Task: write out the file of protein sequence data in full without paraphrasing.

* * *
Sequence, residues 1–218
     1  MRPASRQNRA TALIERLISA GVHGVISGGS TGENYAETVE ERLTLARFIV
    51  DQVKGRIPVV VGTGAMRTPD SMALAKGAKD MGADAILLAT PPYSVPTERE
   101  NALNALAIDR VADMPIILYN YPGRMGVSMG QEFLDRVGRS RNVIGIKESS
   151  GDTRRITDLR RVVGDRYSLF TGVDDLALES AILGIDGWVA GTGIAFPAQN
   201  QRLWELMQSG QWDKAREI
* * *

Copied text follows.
Sequence, residues 1–218
     1  MRPASRQNRA TALIERLISA GVHGVISGGS TGENYAETVE ERLTLARFIV
    51  DQVKGRIPVV VGTGAMRTPD SMALAKGAKD MGADAILLAT PPYSVPTERE
   101  NALNALAIDR VADMPIILYN YPGRMGVSMG QEFLDRVGRS RNVIGIKESS
   151  GDTRRITDLR RVVGDRYSLF TGVDDLALES AILGIDGWVA GTGIAFPAQN
   201  QRLWELMQSG QWDKAREI